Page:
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10 Quotes by Fed Chief Alan Greenspan

By    |   Saturday, 11 July 2015 08:40 PM

Alan Greenspan chaired the Federal Reserve for nearly 20 years. While he led the country through the stock market crash of 1987 and two recessions, he also presided over the longest economic expansion in U.S. history. Some now blame his economic policies with leading to the mortgage crisis, which followed shortly after his departure from the Fed. Greenspan now consults.

Here are some quotes from this economic leader.

1. “Since I’ve become a central banker, I’ve learned to mumble with great incoherence. If I seem unduly clear to you, you must have misunderstood what I said.”
— in often-quoted testimony to Congress in 1987, via the Federal Reserve Bank of San Francisco

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2. “Containing the pressures on labor and capital resources—while continuing to reduce our external imbalance—will require a slowing in domestic demand. Such an outcome will be facilitated to the extent that the federal budget deficit is reduced.”
— to the Joint Economic Committee, January 31, 1989, via the Federal Reserve Archival System for Economic Research (FRASER)

3. “The movement toward nationwide banking that has been gaining momentum, the parallel globalization process of the world's financial markets, the technological advances and financial innovations that continue to come forth rapidly will all serve to maintain intense competitive conditions for depository institutions. And these same conditions will also serve to increase the riskiness of the environment in which institutions must operate.”
— in after dinner remarks at a Joint Inter-Agency Supervision Conference, March 28, 1990, via FRASER

4. “We are reminded almost daily of the potential for public cost of the deposit insurance obligation, made so painfully apparent by the failures and difficulties of so many thrift institutions Similarly, both the Congress and the Board repeatedly are reminded of the erosion of the competitiveness of our banking system both domestically and internationally The time has come when these issues must be addressed.”
— a statement before the Senate Committee on Banking, Housing and Urban Affairs July 12, 1990, via FRASER

5. “We have long recognized the importance of self interest in promoting the well being of all. Most of the parks, libraries, and institutions of higher education in America's cities were founded by local businesspersons wanting to improve the local quality of life.”
— at the May 17, 1995 Social Compact Awards Luncheon, via FRASER

6. “But how do we know when irrational exuberance has unduly escalated asset values, which then become subject to unexpected and prolonged contractions as they have in Japan over the past decade? And how do we factor that assessment into monetary policy?”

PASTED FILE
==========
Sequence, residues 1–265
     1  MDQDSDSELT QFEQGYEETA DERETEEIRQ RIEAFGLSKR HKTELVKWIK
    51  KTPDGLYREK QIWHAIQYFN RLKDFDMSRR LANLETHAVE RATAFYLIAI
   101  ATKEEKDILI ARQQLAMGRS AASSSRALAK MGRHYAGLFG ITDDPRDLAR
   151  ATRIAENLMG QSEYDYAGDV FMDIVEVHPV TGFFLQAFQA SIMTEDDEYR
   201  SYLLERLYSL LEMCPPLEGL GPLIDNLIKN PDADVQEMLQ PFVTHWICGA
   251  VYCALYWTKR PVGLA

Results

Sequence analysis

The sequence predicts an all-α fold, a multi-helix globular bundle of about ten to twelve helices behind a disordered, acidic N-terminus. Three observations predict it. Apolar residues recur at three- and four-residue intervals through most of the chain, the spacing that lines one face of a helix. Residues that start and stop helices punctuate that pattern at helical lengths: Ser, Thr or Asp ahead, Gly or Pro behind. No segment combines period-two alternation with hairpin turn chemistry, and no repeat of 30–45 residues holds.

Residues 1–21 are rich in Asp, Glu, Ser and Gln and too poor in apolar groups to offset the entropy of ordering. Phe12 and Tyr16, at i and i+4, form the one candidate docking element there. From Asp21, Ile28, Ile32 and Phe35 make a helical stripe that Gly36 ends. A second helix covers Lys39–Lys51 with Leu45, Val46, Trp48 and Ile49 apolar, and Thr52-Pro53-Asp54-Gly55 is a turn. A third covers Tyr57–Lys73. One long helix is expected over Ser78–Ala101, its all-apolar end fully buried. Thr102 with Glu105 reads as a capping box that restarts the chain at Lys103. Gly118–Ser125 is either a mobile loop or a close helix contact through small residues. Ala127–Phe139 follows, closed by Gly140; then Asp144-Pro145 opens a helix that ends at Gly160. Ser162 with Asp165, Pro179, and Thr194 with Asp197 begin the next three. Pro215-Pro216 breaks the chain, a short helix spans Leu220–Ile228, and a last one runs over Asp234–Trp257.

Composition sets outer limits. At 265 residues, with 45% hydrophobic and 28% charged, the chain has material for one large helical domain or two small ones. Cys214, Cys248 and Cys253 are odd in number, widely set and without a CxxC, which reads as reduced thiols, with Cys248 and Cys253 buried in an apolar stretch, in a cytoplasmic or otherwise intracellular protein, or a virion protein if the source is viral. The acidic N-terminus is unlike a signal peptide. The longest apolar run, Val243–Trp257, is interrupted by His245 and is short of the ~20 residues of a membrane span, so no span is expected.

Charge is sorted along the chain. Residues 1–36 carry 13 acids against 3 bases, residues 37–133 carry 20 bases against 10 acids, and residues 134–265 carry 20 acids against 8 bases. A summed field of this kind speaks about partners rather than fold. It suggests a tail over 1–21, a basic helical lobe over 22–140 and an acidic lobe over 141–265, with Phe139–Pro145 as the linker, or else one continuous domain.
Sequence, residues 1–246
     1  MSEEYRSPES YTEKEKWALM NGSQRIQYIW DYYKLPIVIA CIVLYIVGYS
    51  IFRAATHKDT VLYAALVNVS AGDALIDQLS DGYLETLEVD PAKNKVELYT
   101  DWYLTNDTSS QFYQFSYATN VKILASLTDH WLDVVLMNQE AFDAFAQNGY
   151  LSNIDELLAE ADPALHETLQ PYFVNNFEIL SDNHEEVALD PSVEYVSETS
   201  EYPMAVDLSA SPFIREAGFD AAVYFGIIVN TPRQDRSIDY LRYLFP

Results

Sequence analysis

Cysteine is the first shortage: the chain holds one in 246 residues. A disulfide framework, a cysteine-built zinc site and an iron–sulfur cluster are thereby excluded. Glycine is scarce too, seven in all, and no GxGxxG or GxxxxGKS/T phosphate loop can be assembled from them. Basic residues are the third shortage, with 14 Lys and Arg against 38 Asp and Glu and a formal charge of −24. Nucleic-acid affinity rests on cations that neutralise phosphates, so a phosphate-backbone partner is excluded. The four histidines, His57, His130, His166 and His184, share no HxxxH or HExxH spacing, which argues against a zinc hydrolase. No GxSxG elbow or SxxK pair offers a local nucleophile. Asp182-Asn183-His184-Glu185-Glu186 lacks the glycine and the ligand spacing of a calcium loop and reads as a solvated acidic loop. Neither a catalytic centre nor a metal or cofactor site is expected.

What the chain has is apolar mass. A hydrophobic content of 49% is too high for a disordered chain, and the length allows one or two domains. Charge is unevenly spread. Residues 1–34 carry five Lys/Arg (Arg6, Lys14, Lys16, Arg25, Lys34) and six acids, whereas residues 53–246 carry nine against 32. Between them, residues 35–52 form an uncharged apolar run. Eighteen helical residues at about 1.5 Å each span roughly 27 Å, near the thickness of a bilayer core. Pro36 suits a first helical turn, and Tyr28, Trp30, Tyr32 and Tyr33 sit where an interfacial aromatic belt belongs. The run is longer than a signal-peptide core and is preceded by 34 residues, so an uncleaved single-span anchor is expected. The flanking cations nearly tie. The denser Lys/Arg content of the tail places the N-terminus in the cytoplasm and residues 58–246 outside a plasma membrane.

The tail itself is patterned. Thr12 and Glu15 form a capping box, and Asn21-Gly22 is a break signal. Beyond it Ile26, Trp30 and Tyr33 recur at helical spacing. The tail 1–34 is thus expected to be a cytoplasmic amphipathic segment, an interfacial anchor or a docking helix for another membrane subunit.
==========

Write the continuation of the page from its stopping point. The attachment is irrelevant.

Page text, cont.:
— At the Annual Dinner and Francis Boyer Lecture of The American Enterprise Institute for Public Policy Research, Washington, D.C., December 5, 1996, via the Federal Reserve website

7. “As economic policymakers understandably focus on the impact of the tragedy of September 11 and the further weakening of the economy that followed those events, it is essential that we do not lose sight of the policies needed to ensure long-term economic growth. … Technology alone is unlikely to restore the United States to the position of price leader, which characterized our role in world oil markets for most of the industry's first century.”
— to the U.S. Chamber of Commerce, November 14, 2001, via FRASER

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8. “As you are aware, today's financial world is highly complex when compared with that of a generation ago. An understanding of how to maintain a checking and savings account at a local financial institution may have been sufficient twenty-five years ago. Today's consumers, however, must be able to differentiate between a wide range of products, services, and providers of financial products to successfully manage their personal finances.”
— to the JumpStart Coalition’s Annual Meeting on April 3, 2003, via FRASER

9. “In my more than eighteen years at the Federal Reserve, much has surprised me, but nothing more than the remarkable ability of our economy to absorb and recover from the shocks of stock market crashes, credit crunches, terrorism, and hurricanes—blows that would have almost certainly precipitated deep recessions in decades past. This resilience, not evident except in retrospect, owes to a remarkable increase in economic flexibility, partly the consequence of deliberate economic policy and partly the consequence of innovations in information technology.”
— On October 12, 2005 to the National Italian American Foundation, via FRASER

10. "I made a mistake in presuming that the self-interests of organizations, specifically banks and others, were such as that they were best capable of protecting their own shareholders and their equity in the firms."
— to the House Oversight and Government Reform Committee, Oct. 23, 2008, via the U.S. Government Printing Office

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Alan Greenspan chaired the Federal Reserve for nearly 20 years. While he led the country through the stock market crash of 1987 and two recessions, he also presided over the longest economic expansion in U.S. history.
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